To those brave men who play cliched Mexican music in sombreros and bolero jackets who know they’re bothering you at the restaurant on your birthday because your friends are assholes…I salute you! Truly you are soldiers for a higher calling, slaves to the very music you love because all that matters is the music. ALL THAT MATTERS IS THE MUSIC! We in the present do not appreciate the fine art you constantly put forth. We mere mortals truly do not understand the ability of your music to entice and entrance based purely on the joy and copious amounts of balls you have to play it in front of us. Only a culture as rich and appreciative as Feudal Japan could value such heavenly orchestrations.
So, if you’ve ever wondered what the bastard child of Scott Pilgrim, manga, and fine Mexican dining would look like, then look no further than Mariachi-Dachi by Kevin and Kyle Merriman. And if you thought the opening paragraph was a bit hyperbolic, I assure you that it pales in comparison to the sheer epicness that is this comic! The story, simply stated, involves a mariachi band mysteriously appearing at a shrine that inadvertently offends an old musician who happens to be of the Monzaemon Clan – an “ancient family line of traveling street musicians.” A bunch of kids, hearing the new and foreign music, finds that they like it and manage to get the mariachi band to perform in their school talent show, sharing their music for all to hear and enjoy. And enjoy it they do. Well, everyone except that Monzaemon Clan guy. What started off as your average school talent show quickly becomes a battle of the bands the likes of which history books or paper scrolls will laud throughout the ages! Behind the scenes, however, something nefarious is afoot!
If we go deeper, however, the story is about music and its ability to serve as language, bridging the cultural barrier when nothing else can. Though no explanation is given for the sudden appearance of the mariachi band – and really, it’s not that important – their first instinct upon seeing the old man of the Monzaemon Clan set up his shamisen is to join him in his music. It doesn’t even seem to register with them that he’s ”hate-playing” to prove his superiority while they do what no other musician in Japan has been able to do. They push him to his limit. Music is also a potent weapon as the emotional state of the musician creates energy powerful enough to leave craters in its wake and create avatars of musical embodiment. The Merriman brothers clearly love music and they manage to infuse that love into every aspect of this book. The Japanese villagers, especially the kids, are eager to get their hands on the next wall scroll by their favorite band, even if their last hit wasn’t as good. Much like the youth of today, music and the love of music is culturally transcendent. What I love most about this volume is its incessant joy. The mariachi band just wants to play. It doesn’t matter where they are or what time period they inhabit. There’s usually a smile on their faces, except when a drumming duo play for about two hours too long. Oy!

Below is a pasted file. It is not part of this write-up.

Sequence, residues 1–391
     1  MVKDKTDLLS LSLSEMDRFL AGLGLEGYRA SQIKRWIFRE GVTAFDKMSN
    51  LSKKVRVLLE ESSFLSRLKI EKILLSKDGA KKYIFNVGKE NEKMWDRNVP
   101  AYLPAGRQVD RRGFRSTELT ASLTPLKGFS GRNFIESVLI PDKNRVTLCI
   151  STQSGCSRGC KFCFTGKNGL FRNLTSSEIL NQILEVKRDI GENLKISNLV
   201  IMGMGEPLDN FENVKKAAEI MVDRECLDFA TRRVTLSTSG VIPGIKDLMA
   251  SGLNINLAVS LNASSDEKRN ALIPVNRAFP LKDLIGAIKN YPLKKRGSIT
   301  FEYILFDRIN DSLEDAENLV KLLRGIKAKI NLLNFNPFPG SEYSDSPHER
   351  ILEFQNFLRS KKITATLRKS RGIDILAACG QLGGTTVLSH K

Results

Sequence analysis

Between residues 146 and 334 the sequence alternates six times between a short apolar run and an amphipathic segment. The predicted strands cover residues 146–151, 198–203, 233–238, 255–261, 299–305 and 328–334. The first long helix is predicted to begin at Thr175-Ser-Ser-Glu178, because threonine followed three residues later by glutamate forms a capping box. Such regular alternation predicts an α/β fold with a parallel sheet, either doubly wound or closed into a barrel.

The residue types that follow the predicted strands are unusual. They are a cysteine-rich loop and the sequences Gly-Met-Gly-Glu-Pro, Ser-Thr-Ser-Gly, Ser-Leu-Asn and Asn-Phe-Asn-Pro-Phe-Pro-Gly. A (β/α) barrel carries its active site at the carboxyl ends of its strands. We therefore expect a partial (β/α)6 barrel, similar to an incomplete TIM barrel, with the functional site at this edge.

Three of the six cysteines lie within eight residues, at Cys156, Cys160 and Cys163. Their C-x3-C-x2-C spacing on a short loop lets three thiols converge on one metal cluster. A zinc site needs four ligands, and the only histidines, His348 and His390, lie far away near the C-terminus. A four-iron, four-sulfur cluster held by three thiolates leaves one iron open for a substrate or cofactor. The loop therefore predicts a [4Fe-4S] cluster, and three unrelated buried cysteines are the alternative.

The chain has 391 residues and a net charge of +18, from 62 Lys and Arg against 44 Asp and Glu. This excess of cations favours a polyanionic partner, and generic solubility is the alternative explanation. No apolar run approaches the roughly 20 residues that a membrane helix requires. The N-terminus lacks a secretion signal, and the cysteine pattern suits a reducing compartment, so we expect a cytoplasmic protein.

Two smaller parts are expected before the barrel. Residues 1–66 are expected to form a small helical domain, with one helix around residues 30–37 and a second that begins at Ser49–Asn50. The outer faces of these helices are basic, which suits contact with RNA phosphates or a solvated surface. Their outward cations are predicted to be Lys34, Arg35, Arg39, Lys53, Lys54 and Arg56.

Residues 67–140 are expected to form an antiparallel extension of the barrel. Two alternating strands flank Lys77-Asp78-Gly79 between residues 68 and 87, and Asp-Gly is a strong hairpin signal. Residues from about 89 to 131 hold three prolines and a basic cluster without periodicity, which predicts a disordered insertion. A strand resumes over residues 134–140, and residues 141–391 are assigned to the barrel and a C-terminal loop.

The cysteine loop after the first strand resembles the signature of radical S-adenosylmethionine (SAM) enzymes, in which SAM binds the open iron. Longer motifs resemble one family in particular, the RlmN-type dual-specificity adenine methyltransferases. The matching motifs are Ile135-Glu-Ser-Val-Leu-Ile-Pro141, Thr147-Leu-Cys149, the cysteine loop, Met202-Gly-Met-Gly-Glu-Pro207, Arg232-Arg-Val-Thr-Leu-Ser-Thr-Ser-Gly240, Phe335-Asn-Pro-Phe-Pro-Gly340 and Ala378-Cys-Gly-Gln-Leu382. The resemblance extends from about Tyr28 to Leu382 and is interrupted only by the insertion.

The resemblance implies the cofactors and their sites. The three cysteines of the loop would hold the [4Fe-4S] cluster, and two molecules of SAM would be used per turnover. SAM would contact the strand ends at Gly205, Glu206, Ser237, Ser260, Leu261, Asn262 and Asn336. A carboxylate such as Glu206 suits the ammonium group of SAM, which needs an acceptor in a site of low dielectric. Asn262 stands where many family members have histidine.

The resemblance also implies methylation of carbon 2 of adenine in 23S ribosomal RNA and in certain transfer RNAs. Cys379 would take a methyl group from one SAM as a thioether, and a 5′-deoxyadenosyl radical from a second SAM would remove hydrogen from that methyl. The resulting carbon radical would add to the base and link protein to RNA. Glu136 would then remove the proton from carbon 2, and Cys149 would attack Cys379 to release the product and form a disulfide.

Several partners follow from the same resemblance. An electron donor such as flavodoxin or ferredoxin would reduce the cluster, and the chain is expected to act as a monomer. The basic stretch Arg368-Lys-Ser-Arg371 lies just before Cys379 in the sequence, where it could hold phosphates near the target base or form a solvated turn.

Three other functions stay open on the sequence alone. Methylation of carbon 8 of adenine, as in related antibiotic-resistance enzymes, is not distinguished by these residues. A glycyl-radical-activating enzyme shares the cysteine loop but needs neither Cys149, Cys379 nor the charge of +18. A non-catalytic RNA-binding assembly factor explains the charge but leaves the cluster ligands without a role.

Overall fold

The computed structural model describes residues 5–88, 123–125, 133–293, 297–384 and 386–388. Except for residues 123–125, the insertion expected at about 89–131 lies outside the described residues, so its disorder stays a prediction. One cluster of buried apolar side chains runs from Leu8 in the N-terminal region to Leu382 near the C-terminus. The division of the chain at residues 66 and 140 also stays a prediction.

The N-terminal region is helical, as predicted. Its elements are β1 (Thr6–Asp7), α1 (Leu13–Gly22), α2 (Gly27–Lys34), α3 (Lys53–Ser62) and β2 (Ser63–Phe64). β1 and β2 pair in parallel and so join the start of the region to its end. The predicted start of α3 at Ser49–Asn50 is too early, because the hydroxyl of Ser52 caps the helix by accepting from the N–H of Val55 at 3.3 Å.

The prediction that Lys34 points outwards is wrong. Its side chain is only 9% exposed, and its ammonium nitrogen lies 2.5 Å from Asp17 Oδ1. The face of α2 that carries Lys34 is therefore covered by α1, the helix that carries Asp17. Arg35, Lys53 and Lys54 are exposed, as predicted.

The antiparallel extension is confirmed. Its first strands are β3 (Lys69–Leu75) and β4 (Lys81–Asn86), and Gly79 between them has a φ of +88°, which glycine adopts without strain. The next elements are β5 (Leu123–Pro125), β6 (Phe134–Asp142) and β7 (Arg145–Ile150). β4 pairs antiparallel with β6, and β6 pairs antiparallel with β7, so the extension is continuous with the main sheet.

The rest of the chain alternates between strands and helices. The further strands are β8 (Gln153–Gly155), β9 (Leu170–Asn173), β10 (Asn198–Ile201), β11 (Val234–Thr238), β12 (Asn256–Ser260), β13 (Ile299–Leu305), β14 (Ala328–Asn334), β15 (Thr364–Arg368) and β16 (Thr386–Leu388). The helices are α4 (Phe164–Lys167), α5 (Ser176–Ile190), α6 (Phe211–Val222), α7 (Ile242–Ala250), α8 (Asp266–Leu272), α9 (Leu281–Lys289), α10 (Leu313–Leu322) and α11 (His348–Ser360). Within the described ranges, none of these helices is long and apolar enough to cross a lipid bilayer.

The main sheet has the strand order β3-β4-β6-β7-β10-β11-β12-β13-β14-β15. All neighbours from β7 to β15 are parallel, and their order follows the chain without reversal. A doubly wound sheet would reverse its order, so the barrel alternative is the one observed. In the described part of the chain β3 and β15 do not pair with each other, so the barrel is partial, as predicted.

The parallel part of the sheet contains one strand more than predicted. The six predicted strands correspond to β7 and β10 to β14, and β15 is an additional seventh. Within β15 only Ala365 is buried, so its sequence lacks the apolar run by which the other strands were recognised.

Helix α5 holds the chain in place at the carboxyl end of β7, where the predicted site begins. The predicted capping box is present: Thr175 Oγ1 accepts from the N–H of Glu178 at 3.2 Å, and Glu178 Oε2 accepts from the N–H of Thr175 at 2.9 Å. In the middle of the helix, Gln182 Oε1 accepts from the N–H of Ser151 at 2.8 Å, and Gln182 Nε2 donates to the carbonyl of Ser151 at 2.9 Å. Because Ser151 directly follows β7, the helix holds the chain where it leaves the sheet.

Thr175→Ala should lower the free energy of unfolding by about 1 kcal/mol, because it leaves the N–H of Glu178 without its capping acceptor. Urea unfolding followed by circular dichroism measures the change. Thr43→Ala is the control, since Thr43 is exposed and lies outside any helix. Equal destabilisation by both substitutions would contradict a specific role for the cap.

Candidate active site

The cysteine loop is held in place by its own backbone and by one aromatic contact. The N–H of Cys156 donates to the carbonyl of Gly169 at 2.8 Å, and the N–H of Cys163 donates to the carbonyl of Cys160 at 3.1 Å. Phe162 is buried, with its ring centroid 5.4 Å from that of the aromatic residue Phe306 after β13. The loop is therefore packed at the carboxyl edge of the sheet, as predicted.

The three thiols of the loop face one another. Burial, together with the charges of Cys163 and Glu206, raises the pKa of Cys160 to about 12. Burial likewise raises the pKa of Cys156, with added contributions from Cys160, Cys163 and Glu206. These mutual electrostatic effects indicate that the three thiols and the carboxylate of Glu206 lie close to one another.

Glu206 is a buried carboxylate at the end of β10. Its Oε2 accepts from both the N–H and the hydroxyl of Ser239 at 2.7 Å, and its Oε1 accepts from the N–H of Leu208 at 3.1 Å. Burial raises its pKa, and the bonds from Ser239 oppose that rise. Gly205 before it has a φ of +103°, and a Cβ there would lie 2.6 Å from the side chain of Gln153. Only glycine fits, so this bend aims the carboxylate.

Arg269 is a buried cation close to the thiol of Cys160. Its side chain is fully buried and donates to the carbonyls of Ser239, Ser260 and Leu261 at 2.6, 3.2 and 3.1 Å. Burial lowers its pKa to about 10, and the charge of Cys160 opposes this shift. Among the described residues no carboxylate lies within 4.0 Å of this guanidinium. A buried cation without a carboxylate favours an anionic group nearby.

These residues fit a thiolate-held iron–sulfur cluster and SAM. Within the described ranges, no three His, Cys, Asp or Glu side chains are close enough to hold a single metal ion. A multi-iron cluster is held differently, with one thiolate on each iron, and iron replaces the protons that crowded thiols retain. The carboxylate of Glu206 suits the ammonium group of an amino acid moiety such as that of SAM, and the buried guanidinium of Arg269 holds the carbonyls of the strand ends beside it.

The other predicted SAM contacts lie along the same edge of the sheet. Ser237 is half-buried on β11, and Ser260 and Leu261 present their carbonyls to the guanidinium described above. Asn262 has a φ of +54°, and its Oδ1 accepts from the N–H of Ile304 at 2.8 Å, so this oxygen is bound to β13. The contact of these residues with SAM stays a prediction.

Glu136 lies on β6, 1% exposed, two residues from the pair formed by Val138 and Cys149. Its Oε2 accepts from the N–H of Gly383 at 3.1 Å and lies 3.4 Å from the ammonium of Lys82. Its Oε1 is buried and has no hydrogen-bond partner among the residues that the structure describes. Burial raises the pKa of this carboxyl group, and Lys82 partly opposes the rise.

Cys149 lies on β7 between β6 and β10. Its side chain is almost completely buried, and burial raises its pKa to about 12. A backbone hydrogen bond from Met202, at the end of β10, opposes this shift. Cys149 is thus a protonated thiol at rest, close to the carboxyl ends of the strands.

The art almost eclipses the story because you could practically take out all of the dialogue and still know what’s happening. The pages are filled with bold, vibrant colors that change depending on the mood of a particular character or the music being played. When the mariachi band performs, the world becomes a warm and welcoming orange. The striking of a chord can greenify a panel. And the elderly member of the Monzaemon Clan channels the power of deep purples and magentas to combat his self-imposed foes. The cartoonish style actually reminds me of Shaolin Showdown, a cartoon that ran on the WB before it merged with UPN to become the CW. The styles are similar and I mean that as a compliment. I dare you not to smile after reading this book. The back material of sketches and variants provides some insight into the evolution of the artwork and how the characters eventually found their final forms. You’ll never guess who the little black guy is based on, and the mystery of why the mariachi band plays without wearing sombreros will shock and amaze you! So if you want to read a really fun and colorful book that will definitely provide you or younger readers with endless amounts of entertainment, please go pick up Mariachi-Dachi.